Feature Berlin, Barcodes, and Back: An Interview with Christopher Hauck (p.11)
Review Jason Kofke: Everything Will Be OK and Ted Ullrich: The Wall
[Art House Co-op + Le Flash; October 24] (p.62)
On the Cover Lovely, anonymous people raising one hand in an unexplained gesture. I wonder what would dear Laurie Anderson say? (Or that fellow in Hal Foster's celebrated postmodern handbook?)
Sorry everyone—I broke my own rule and published a transcribed interview, instead of first translating it into a more rigorous piece of interpretive criticism. Although it's a more or less "straight up" interview, that is, one without crushed ice or even vermouth for flavor, I hope you'll at least find some value.
The title of this post refers to the use of profanity in the December cover story. In a giant, bold-face pull quote, Terrence Sanders speaks for many artists living and working in the South:
Keep in mind the context: these words are pulled from an interview and, further, an informal moment caught on tape. For me though, you could easily replace the "cover me" in Sanders' quote with "cover us."WHAT AM I SUPPOSED TO DO, WAIT WAIT FOR ART IN AMERICA OR ARTFORUM TO COME DOWN HERE AND COVER ME? FUCK THAT.
The article mystifies me; this may be the first issue worth analyzing at length (which I may do at a later date). For now, I'll at least make my general opinion clear: Terrence Sanders' art does not appeal to me, but I respect what he's doing with ArtVoices and think that braver, more comprehensive arts coverage is what we need in this region.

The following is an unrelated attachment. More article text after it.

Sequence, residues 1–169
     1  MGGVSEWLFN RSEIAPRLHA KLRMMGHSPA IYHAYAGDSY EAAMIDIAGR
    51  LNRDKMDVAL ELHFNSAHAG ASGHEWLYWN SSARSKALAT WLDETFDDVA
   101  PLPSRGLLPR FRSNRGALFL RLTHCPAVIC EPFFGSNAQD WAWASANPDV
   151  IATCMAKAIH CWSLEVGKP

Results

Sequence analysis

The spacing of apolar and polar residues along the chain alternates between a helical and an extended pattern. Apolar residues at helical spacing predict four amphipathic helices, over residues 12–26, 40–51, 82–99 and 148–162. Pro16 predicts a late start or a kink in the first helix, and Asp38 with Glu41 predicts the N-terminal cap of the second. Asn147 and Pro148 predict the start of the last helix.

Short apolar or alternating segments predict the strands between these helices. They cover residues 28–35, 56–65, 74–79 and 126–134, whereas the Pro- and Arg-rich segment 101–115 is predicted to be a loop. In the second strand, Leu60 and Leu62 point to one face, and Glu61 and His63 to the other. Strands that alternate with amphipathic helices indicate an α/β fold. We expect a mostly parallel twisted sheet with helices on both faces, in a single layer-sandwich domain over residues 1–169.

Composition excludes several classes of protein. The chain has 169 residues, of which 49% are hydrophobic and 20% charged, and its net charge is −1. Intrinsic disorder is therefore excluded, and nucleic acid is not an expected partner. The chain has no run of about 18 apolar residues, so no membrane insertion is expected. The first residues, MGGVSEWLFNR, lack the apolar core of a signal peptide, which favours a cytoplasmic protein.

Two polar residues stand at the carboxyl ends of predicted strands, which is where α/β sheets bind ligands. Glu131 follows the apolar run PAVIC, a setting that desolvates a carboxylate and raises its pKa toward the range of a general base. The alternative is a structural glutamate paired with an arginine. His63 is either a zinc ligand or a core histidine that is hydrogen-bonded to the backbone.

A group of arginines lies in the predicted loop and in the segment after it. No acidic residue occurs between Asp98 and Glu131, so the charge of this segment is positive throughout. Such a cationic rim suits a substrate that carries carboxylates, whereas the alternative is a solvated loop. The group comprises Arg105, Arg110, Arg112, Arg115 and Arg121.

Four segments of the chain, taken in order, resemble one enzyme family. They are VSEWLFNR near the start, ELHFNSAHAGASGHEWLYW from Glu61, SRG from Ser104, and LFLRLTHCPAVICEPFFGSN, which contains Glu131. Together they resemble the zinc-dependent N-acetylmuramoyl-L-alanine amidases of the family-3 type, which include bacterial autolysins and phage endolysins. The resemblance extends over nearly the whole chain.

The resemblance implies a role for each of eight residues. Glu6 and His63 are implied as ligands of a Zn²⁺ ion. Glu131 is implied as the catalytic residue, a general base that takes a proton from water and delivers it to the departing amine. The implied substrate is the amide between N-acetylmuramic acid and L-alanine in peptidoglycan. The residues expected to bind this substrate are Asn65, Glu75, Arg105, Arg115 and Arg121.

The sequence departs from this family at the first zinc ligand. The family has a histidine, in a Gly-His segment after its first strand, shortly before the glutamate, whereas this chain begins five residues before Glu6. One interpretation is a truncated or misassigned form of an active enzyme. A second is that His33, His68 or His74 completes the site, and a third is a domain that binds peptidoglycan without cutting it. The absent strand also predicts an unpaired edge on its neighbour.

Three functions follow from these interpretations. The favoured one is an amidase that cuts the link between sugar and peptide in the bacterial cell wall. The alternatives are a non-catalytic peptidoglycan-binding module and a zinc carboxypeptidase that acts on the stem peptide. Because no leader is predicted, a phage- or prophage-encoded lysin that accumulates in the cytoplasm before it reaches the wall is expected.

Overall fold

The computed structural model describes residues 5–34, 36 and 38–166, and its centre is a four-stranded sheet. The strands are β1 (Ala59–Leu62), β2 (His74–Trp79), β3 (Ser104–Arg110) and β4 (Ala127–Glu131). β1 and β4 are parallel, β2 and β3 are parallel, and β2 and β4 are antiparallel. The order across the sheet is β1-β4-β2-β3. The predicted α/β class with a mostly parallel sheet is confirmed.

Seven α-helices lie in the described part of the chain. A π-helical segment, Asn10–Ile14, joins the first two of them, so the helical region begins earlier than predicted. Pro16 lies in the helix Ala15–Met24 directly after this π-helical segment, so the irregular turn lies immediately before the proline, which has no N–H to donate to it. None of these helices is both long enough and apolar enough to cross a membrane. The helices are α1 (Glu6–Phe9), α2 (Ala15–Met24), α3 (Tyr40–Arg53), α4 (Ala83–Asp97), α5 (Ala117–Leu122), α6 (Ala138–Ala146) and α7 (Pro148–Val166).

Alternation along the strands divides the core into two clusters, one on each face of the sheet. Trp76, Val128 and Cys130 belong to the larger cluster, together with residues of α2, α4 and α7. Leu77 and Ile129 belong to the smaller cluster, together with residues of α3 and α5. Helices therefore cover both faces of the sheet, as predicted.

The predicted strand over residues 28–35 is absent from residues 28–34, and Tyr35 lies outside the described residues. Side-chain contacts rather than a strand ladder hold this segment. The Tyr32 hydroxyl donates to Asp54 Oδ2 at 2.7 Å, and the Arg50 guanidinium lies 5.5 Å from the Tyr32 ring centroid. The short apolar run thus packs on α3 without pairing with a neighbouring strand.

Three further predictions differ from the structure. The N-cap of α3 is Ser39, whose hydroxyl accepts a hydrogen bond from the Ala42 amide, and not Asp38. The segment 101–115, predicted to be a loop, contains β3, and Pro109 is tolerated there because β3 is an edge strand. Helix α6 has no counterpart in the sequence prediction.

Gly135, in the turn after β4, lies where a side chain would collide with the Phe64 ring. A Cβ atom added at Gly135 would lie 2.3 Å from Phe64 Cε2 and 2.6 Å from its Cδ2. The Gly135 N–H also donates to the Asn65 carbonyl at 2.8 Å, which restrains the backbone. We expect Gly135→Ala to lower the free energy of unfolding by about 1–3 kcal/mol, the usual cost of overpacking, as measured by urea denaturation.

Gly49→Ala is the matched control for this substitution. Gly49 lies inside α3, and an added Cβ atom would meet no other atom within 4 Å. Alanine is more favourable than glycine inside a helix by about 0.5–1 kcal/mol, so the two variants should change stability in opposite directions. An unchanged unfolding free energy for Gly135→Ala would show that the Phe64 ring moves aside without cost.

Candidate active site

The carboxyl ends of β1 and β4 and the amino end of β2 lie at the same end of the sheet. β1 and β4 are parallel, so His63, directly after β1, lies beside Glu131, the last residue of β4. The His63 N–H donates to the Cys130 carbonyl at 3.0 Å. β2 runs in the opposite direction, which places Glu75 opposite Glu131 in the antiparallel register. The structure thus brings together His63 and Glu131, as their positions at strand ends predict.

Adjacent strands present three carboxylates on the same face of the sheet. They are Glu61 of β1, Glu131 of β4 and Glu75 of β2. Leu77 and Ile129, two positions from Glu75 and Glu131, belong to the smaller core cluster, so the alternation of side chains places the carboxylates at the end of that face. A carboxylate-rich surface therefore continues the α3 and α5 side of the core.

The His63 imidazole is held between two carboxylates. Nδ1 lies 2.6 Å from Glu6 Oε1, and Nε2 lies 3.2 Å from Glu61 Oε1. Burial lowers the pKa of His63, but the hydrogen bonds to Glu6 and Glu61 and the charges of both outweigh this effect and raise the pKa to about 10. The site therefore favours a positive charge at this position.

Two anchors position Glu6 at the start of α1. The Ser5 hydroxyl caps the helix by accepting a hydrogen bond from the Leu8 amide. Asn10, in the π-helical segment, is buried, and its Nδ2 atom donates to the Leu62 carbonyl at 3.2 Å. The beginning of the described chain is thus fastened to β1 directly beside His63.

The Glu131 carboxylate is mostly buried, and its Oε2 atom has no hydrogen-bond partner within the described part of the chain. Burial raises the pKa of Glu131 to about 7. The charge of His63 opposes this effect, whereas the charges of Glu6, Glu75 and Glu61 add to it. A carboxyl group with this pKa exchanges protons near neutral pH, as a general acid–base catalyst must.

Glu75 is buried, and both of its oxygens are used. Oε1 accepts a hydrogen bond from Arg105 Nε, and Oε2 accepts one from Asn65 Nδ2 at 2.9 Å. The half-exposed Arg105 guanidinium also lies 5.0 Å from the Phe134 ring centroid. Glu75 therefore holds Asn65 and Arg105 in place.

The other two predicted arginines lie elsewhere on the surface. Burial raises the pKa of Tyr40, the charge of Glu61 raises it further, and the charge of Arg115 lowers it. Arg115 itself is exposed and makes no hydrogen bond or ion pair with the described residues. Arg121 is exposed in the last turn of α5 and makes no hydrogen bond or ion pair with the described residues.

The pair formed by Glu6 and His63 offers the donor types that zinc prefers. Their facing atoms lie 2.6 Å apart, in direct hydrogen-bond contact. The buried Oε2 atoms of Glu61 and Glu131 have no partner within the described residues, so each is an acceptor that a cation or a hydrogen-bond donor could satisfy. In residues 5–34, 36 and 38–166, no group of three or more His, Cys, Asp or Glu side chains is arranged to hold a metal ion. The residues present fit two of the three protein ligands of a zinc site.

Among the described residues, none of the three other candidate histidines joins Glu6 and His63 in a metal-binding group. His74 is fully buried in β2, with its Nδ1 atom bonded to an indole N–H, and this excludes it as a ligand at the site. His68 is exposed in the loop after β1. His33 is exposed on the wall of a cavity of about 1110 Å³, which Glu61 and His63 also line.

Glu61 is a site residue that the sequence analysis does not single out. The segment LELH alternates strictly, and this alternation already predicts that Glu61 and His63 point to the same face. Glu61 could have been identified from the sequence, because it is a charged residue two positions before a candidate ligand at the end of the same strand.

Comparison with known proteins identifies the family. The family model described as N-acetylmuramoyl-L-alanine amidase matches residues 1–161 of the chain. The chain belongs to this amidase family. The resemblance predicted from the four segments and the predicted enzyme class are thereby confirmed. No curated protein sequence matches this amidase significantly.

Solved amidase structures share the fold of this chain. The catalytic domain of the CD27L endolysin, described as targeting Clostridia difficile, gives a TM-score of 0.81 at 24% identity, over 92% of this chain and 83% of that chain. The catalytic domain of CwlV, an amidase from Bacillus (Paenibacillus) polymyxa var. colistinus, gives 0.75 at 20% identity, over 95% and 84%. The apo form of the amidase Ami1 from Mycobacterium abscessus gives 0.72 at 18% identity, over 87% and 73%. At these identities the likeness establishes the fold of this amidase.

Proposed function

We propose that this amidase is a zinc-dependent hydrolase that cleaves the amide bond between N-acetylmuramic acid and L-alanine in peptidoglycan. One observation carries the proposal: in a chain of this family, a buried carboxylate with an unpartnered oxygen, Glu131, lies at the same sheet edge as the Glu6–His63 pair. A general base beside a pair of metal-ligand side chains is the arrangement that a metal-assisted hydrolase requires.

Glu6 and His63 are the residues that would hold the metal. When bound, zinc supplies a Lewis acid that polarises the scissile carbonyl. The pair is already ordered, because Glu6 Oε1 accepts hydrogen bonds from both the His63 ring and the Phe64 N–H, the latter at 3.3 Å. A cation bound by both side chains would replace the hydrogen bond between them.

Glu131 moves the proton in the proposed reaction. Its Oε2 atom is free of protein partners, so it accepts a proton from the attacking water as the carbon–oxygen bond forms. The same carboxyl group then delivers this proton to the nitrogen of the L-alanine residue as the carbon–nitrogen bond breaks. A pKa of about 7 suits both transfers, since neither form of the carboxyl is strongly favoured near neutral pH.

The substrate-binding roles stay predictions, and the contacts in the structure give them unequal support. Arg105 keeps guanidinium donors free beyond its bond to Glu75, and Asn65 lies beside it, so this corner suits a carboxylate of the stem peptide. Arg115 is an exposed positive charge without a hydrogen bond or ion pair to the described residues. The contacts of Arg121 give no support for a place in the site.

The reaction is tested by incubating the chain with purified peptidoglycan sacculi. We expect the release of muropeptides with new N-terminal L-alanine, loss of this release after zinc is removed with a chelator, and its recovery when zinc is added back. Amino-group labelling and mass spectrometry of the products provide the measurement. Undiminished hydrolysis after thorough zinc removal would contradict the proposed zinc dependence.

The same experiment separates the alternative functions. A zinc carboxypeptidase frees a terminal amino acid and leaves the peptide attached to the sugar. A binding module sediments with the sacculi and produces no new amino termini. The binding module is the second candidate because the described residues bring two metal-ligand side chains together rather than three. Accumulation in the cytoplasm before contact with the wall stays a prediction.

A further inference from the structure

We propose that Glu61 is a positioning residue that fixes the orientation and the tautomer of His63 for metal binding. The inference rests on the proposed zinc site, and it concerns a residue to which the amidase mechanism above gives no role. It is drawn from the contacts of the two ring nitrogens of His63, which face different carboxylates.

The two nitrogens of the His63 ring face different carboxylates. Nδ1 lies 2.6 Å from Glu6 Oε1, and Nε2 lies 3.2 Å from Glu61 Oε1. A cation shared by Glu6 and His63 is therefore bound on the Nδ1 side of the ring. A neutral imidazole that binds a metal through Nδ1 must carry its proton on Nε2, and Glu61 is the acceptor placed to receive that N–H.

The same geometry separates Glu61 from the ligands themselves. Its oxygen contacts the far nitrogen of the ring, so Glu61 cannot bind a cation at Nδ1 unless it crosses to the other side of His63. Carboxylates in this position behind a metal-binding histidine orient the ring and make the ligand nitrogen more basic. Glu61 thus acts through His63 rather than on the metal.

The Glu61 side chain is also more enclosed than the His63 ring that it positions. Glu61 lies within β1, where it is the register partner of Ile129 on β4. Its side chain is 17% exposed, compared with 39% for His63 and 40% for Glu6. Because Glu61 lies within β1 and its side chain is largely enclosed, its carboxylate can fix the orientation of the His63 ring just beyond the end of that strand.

We all know—thanks to Bob Dylan—that "love" is just a four-letter word. More unorthodox types, however, still insist on spelling it with an F, followed shortly by the letters U, C, and K. This is a man who loves his home. Terrence Sanders is either a high-functioning madman or an unhappily reincarnated Persian Immortal (as envisioned by Frank Miller). We hope for good things in the future.
Also in ArtVoices December: "Will Castleberry Hill Ever Become Atlanta's Version of Chelsea?" by Philip Auslander, a short history and exploration of the challenges facing the arts district.
I'm not familiar with this writer; along with other yet-to-be names, his byline continues in ArtVoices during my absence. (After the upcoming January issue, I take a break from A&E freelance until the end of this spring's legislative session.) Can anyone vouch for the guy?
And with that, Ghostmap signs off for the New Year.
*ArtVoices is a full-color monthly based in New Orleans. You can order a subscription here or, alternatively, a very inexpensive, digital subscription through Zinio for a mere $20. Consider it an effort in tree conservation. (Advertising and distribution requests should be directed to: email@example.com)